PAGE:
Safety aspects of 36 months of administration of long-acting intramuscular testosterone undecanoate for treatment of female-to-male transgender individuals

in European Journal of Endocrinology
(Correspondence should be addressed to J W Jacobeit; Email: jens.jacobeit@endokrinologikum.com)

Design

Testosterone treatment is essential for the induction and maintenance of virilization of female-to-male (FTM) transsexuals.

Aim

To test the safety of a novel testosterone preparation for this purpose.

Methods

Parenteral long-acting testosterone undecanoate (TU) was administered to 17 FTM transsexuals over 36 months. Observations were made while subjects received treatment.

Results

Serum testosterone rose from 0.50±0.25 to 6.2±1.3 ng/ml at 6 months and remained stable thereafter. The testosterone profiles were largely identical with those in hypogonadal receiving TU. There were no side effects. Over the 36 months of the study, there was a small but significant decrease in plasma cholesterol (from 218±47 to 188±42 mg/dl) and low-density lipoprotein-cholesterol (from 139±48 to 139±48 mg/dl), while plasma levels of high-density lipoprotein-cholesterol and triglycerides did not change significantly. Liver enzymes did not change during treatment. There was an increase of both levels in hemoglobin (from 13.6±1.2 to 16.0±1.5 g/dl) and hematocrit (from 41±4 to 46±4) upon administration but they remained almost without exception within the physiological range. No special measures were needed. Breast and gonads/internal genitalia did not show pathological changes over the observation period.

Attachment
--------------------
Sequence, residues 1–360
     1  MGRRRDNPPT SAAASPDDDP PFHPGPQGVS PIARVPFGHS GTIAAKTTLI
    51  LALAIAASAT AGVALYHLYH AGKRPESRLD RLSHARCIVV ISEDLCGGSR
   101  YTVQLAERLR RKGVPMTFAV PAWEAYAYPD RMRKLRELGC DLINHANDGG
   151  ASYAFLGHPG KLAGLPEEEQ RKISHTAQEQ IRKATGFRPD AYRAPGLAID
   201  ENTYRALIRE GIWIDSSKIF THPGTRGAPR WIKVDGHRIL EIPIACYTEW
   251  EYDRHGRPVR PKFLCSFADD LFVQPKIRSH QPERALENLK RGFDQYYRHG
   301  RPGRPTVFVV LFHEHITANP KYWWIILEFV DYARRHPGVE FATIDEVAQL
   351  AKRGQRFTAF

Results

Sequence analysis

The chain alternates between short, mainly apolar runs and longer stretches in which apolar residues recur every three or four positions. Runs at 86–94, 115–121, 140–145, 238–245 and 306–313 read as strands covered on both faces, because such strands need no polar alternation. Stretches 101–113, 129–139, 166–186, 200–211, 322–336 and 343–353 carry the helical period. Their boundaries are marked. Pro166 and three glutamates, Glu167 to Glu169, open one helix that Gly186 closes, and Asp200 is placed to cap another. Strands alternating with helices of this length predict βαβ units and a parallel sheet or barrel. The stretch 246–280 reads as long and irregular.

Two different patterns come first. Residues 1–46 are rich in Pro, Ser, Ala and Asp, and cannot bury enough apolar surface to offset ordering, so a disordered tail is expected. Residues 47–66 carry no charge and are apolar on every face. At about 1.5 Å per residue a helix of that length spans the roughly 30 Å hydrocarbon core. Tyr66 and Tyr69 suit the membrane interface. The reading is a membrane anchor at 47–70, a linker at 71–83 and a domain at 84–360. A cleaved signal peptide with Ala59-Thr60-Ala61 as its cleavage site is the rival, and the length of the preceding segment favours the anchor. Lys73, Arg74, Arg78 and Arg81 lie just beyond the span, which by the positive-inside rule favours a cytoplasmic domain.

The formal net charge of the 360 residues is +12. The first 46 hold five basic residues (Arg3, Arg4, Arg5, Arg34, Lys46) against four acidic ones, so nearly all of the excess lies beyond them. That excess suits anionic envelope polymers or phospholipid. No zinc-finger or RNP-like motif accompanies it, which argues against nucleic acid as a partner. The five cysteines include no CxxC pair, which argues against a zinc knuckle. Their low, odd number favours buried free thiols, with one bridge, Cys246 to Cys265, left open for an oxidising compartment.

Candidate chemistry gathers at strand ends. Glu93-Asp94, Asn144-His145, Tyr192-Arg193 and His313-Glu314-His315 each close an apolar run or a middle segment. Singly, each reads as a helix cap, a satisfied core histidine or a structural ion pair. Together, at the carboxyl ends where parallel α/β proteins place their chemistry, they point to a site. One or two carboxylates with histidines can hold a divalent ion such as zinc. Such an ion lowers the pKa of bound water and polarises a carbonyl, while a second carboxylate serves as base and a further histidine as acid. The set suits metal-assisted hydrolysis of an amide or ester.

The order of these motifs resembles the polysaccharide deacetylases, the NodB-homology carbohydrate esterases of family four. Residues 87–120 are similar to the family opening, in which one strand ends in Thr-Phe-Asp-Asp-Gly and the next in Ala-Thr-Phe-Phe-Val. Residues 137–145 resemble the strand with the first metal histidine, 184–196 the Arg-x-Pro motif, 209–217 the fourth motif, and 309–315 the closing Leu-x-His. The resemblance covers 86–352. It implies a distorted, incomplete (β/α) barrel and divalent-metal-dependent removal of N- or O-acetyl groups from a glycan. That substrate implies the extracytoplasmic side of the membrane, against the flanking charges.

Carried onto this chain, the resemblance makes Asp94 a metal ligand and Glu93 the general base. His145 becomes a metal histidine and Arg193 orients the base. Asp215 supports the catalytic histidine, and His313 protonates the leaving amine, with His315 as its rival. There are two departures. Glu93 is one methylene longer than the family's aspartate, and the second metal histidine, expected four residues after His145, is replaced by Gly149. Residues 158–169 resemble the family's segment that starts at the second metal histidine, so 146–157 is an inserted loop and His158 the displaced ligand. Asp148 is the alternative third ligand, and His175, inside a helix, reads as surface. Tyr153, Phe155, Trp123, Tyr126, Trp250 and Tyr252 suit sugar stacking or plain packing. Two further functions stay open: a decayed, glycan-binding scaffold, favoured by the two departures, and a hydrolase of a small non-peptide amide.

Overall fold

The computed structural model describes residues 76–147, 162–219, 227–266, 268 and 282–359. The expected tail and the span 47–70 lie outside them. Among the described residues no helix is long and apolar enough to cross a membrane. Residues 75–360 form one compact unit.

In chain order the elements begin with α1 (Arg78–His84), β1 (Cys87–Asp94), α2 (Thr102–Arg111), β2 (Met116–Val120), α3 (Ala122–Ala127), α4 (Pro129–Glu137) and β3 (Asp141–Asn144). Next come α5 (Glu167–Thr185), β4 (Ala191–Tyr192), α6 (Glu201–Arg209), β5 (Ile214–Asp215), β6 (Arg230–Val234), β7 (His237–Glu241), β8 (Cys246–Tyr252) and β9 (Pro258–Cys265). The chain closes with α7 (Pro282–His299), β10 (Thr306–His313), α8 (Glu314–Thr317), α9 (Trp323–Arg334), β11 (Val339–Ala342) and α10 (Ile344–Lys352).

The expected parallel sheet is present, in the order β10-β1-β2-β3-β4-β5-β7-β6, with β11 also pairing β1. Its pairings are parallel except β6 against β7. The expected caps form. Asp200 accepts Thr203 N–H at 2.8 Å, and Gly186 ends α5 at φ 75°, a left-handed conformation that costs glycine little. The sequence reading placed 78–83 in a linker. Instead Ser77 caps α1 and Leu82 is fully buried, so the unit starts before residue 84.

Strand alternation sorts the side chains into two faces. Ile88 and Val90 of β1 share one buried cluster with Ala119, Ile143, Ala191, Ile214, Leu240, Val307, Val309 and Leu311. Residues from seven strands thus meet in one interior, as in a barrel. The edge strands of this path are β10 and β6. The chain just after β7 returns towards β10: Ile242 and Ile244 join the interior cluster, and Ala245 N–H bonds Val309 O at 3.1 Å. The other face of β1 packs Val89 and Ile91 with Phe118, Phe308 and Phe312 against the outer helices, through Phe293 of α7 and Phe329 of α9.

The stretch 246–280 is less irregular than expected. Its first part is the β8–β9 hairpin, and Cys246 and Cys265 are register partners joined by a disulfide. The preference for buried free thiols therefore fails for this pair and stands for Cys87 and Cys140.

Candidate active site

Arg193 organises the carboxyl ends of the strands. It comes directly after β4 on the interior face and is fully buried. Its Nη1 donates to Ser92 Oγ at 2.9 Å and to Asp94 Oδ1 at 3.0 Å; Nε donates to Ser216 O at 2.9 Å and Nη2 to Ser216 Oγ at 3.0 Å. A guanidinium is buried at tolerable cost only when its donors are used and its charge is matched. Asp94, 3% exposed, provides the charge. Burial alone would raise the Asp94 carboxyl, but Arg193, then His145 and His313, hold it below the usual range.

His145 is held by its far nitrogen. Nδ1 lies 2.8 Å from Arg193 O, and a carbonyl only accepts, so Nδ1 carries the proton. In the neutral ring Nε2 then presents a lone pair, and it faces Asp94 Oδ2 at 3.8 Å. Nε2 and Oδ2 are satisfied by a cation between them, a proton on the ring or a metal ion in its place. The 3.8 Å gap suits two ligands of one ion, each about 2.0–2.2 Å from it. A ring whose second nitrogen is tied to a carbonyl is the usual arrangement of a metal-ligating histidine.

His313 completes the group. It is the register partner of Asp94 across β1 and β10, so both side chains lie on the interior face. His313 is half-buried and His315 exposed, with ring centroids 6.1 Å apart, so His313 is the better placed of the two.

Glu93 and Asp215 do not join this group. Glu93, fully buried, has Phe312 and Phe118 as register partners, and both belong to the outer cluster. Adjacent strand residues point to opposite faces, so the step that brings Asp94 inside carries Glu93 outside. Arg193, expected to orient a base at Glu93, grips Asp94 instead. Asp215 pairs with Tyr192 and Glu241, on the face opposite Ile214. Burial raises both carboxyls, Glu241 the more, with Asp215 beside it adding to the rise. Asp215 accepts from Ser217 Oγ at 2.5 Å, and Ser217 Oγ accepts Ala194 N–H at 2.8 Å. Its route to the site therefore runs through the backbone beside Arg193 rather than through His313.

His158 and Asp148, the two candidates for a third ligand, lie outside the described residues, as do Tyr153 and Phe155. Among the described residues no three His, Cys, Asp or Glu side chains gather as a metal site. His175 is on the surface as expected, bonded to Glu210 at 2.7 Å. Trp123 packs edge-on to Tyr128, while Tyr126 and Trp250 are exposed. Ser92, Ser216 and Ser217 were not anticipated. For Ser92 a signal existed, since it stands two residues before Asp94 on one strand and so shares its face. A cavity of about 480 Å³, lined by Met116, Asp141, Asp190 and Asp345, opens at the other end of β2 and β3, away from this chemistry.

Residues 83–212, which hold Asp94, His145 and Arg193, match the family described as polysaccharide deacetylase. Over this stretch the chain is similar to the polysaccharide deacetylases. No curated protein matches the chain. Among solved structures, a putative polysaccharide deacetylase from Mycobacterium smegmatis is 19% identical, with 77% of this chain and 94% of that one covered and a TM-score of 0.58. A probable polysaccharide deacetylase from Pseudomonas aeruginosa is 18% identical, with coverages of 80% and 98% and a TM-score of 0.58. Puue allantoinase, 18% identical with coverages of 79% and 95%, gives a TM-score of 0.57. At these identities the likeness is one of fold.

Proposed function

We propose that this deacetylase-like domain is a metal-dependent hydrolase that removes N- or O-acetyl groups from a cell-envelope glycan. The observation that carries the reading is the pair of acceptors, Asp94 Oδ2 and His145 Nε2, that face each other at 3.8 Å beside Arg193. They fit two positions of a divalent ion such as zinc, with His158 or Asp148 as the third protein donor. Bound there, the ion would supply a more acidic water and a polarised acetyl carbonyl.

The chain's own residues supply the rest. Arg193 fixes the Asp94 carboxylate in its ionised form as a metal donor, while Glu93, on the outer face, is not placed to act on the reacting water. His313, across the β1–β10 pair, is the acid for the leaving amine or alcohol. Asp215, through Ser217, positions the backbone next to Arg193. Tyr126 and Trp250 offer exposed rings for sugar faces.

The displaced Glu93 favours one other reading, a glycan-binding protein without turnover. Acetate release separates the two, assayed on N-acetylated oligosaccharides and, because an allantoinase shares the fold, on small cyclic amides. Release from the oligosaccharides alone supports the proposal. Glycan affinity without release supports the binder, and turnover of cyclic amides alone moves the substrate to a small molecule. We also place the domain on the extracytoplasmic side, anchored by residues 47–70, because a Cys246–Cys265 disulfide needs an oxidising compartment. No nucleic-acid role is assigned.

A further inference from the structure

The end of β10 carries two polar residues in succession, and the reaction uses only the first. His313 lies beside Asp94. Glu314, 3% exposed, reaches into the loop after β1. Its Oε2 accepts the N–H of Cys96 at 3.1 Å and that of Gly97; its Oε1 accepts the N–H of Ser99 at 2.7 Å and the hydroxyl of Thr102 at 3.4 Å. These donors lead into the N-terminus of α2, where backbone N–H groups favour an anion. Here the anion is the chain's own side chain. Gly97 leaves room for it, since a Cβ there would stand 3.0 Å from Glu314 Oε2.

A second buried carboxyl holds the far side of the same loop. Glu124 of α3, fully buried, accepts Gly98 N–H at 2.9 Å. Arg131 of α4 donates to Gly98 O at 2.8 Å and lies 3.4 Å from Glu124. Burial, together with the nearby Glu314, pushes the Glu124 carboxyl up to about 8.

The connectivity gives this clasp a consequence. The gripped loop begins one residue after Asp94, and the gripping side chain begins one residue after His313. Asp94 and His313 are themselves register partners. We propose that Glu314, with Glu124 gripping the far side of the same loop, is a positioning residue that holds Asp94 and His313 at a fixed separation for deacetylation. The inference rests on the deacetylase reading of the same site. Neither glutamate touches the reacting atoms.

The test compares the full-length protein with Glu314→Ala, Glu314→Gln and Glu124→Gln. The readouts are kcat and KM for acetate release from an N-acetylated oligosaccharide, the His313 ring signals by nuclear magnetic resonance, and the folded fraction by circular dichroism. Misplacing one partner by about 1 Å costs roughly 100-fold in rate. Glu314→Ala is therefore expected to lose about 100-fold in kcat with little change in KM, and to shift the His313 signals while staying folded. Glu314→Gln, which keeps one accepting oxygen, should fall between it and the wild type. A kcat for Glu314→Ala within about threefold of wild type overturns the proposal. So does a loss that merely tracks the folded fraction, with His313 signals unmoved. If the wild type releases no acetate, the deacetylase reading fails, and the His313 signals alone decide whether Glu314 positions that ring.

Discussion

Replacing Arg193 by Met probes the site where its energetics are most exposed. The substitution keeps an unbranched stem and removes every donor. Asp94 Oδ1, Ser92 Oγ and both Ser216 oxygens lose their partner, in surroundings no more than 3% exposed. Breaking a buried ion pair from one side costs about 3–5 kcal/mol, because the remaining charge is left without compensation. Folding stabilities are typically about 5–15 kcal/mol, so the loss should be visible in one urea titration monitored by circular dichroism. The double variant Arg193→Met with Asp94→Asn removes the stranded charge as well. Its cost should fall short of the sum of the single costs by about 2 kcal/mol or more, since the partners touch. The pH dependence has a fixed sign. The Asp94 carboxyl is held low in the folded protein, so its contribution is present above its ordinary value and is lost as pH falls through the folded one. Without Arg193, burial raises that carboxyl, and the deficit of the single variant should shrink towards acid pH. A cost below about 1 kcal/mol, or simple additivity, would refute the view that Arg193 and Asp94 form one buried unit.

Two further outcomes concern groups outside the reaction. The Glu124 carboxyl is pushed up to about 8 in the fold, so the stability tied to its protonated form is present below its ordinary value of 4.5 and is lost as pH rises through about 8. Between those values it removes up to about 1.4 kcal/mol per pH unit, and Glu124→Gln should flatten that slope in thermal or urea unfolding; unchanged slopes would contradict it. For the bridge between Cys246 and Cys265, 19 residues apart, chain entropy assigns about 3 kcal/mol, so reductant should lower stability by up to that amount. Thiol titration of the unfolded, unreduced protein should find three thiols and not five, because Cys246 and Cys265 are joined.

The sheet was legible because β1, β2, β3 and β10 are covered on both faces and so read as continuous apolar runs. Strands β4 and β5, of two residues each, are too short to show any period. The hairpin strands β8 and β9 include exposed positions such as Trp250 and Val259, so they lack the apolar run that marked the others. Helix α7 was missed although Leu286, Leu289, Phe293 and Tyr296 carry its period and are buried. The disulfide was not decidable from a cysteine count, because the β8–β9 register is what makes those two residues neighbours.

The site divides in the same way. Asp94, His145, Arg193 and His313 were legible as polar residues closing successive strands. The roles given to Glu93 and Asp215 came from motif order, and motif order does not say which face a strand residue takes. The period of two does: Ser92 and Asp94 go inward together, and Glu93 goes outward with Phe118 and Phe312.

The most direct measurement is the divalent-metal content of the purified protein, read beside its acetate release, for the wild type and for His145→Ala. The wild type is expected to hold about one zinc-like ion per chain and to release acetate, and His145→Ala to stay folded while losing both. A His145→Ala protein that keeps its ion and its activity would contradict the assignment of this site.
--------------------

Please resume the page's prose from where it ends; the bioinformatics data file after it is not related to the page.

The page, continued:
Conclusion

This study reports that TU is suited for induction of virilization in FTM transsexuals without significant side effects over a longer term.

Abstract

Design

Testosterone treatment is essential for the induction and maintenance of virilization of female-to-male (FTM) transsexuals.

Aim

To test the safety of a novel testosterone preparation for this purpose.

Methods

Parenteral long-acting testosterone undecanoate (TU) was administered to 17 FTM transsexuals over 36 months. Observations were made while subjects received treatment.

Results